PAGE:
QA: Amen – the name of a pagan idol?
Let us consider this word on the following levels:
- Its pagan connotations
- Its use and meaning in Hebrew
- Its use in Christianity and Judaism
- Should we use it or not?
‘ Amen’ was one of the main deities in Egyptian mythology, the worship of which spread to Greece, Syria and surroundings.
According to ‘The Concise Columbia Encyclopedia’, Columbia University Press. Copyright © 1991 by Columbia University Press:
Amon (â´men, ä´-) or Ammon (à´men) or Amen (ä´mèn), ancient Egyptian deity. Originally the chief god of Thebes, Amon grew increasingly important in Egypt, and eventually, as Amon Ra, he was identified with RA as the supreme deity. He was also identified with the Greek ZEUS (the Roman JUPITER). (Ed.: Jupiter or ‘Zues-Pater’ – ‘Zeus our father’).
The Official Internet Site of The Egyptian Ministry of Tourism
has the following Web Pages with information about Amen, the primeval idol:
Amen (Amon) and Amen-Ra, King of the Gods, and the Triad of Thebes
Amen of Thebes
Forms of Amen-Ra
Here are some excerpts from these informative pages.
“Amen was the personification of the hidden and unknown creative power which was associated with the primeval abyss, gods in the creation of the world, and all that is in it. The word or root amen, certainly means “what is hidden,” “what is not seen,” “what cannot be seen,” and the like, and this fact is proved by scores of examples which may be collected from texts of all periods. In hymns to Amen we often read that he is “hidden to his children, “and “hidden to gods and men” … Now, not only is the god himself said to be “hidden,” but his name also is “hidden,” and his form, or similitude, is said to be “unknown;” these statements show that “hidden,” when applied to Amen, the great god, has reference to something more than the “sun which has disappeared below the horizon,” and that it indicates the god who cannot be seen with the mortal eyes, and who is invisible, as well as inscrutable, to gods as well as men.”
Amen, his wife, Mut, and their son, Khonsu, represented the Theban Triad, the sacred family of Thebes. Amen was the “King of the gods” during the period of the New Kingdom in Egypt 1550-1070 B.C.E. when Thebes was the capitol of Egypt. (refer http://www.wsu.edu/~dee/EGYPT/NEW.HTM
It is during this period that the Israelites were slaves in Egypt, building the fortifications and lavish statues and temples of Egypt. During their 400 years of slavery, they lost their patriarchal Yahwistic religion as they fell into Egyptian paganism. Their epic exodus required a 40 year ‘cleansing’ period in the Wilderness, before they could enter the ‘Promised Land of Israel’.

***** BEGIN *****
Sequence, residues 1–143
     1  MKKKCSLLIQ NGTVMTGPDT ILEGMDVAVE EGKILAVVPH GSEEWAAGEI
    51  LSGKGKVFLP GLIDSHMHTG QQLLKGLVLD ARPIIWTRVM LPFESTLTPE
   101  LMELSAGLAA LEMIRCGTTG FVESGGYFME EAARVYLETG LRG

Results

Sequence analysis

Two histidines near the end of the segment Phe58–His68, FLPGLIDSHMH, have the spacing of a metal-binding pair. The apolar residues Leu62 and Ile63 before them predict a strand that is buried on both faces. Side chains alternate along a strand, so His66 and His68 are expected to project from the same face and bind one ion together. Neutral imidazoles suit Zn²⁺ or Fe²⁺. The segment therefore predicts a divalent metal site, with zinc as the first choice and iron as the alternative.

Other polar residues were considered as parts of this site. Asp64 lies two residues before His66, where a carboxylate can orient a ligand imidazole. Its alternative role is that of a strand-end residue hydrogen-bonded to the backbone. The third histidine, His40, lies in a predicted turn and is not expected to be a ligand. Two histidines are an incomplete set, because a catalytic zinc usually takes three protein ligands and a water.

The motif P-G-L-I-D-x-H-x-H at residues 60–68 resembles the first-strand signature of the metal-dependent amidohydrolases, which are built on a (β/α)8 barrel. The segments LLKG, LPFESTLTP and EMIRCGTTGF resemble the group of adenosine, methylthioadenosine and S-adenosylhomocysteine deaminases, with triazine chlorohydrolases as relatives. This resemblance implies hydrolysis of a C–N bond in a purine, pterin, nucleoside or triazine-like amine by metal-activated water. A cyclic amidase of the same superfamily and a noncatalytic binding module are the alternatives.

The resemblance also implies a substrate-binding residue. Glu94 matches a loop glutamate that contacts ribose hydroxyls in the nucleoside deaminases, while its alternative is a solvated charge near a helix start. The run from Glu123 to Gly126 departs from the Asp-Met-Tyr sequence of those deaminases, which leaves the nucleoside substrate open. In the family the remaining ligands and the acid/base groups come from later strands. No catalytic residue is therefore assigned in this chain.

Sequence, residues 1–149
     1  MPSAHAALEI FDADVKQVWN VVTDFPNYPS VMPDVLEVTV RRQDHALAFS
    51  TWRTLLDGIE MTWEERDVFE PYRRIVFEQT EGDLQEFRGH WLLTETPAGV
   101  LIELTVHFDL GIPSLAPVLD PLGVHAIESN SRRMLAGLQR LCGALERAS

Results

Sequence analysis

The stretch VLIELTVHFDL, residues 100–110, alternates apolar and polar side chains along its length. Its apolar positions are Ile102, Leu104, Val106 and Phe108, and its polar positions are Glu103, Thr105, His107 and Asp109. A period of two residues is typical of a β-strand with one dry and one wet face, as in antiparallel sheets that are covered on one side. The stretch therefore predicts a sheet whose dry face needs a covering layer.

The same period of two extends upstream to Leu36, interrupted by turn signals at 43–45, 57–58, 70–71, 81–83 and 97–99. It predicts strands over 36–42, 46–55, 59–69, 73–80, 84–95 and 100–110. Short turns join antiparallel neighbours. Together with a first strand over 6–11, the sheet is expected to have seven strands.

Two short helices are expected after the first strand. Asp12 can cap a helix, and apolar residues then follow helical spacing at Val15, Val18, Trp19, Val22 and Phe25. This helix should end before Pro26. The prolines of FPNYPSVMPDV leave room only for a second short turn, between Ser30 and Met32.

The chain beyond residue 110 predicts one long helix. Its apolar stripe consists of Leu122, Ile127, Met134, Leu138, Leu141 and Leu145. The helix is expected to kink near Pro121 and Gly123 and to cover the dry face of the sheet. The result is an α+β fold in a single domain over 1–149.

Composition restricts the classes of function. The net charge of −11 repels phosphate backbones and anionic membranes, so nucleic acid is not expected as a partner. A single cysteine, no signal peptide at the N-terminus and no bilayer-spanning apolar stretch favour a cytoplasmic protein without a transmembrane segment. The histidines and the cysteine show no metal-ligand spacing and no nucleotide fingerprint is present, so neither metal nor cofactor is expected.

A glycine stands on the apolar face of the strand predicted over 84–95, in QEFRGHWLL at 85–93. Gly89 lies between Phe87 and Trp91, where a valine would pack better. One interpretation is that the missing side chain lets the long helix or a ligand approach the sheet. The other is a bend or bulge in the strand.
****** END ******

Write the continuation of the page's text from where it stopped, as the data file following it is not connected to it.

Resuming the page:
If during this exodus they could build a golden calf idol, would it be far-fetched to surmise that they also carried the blemishes of Amen-worship with them into the future – a seed which may not have been uprooted to this day?
Which brings us to our 2nd point of consideration: The word ‘amen’ is popularly used in Hebrew liturgy and Jewish worship.
True, the root-letters a-m-n hold the following connotations in modern Hebrew:
educate, train, true, trustworthy, confirm, confidence, faithfulness, treaty.
Thirdly, its use in modern day Judaism and Christianity:
The meaning for the word ‘amen’ is given as “so be it”, “trustworthy”
Knowing the pagan idol worship connotations of this word, it does raise concern when one hears those phrases which are so popularly used in Christian prayer:
- “We ask this in Thy Name, Amen”.
- “We praise Thy Name, Amen.”
- “We ask this in the Name which is above every Name, Amen”.
- “Praise the Lord” – with the communal response: “Amen”.
These above applications surely can pass for directly addressing someone named ‘Amen’! It should surely be conspicuous to the alert worshipper of the One True God of Israel!
Similar usage is also common in Jewish worship liturgy.
Should we use it in prayer and worship?
The position assumed in all the Restorative Truths proclaimed by BIBLE REVELATIONS, is to avoid extremism. This position is also maintained in our study on the use of ‘God or Elohim’ and the use of the various forms of The Sacred Name.
Like with all other considerations in the process of the Restoration of the Original True Hebraic Faith though, the question remains: “What does the Almighty expect from us?” Our intentions may be pure, but why persist in clinging to habits and traditions which have spurious origins or connotations? Do we really need this word to express our convictions and praises?
It also is curious, that this almost mystical word, anciently referred to the “hidden god” – and it would surely not be far-fetched to surmise that perhaps Satan has managed to hide himself as the object of worship, to unsuspecting believer to this day?
Could this realization and avoidance of such spurious terms lead us further from the Truth or closer to it?
Is this not after all the purpose of true and pure worship, that we become aware of the traits and methods of the Deceiver and refine and purify our worship as far as is humanly possible? What are we defending by hedging against doubtful practices? There are, after all, ‘pure’ words like “HalleluYAH”, or where necessary, the Sacred Name itself, which can replace this questionable praise word ‘Amen’,
Ex. 23:13:”…and make no mention of the name of other gods, neither let it be heard out of your mouth.”
Hosea 2:17,19 “I (YHVH) will take the names of the Baals (lords) off her (His Bride’s) lips”.